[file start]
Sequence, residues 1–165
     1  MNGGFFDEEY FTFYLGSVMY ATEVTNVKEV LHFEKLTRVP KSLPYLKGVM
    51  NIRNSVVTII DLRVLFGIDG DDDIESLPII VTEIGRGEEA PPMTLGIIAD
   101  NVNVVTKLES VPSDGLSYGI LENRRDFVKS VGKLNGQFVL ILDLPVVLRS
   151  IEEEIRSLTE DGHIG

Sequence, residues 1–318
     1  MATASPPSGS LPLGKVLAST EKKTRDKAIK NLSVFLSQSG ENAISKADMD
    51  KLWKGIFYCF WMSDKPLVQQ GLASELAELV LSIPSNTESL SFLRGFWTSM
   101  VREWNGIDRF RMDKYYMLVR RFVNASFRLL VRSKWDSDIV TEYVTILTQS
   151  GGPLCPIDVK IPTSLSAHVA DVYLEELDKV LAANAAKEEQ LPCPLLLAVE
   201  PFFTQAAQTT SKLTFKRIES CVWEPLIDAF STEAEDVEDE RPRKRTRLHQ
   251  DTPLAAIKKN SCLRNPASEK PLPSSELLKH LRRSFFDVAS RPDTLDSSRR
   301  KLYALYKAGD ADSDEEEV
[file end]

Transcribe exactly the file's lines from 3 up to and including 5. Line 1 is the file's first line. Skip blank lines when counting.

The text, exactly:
    51  NIRNSVVTII DLRVLFGIDG DDDIESLPII VTEIGRGEEA PPMTLGIIAD
   101  NVNVVTKLES VPSDGLSYGI LENRRDFVKS VGKLNGQFVL ILDLPVVLRS
   151  IEEEIRSLTE DGHIG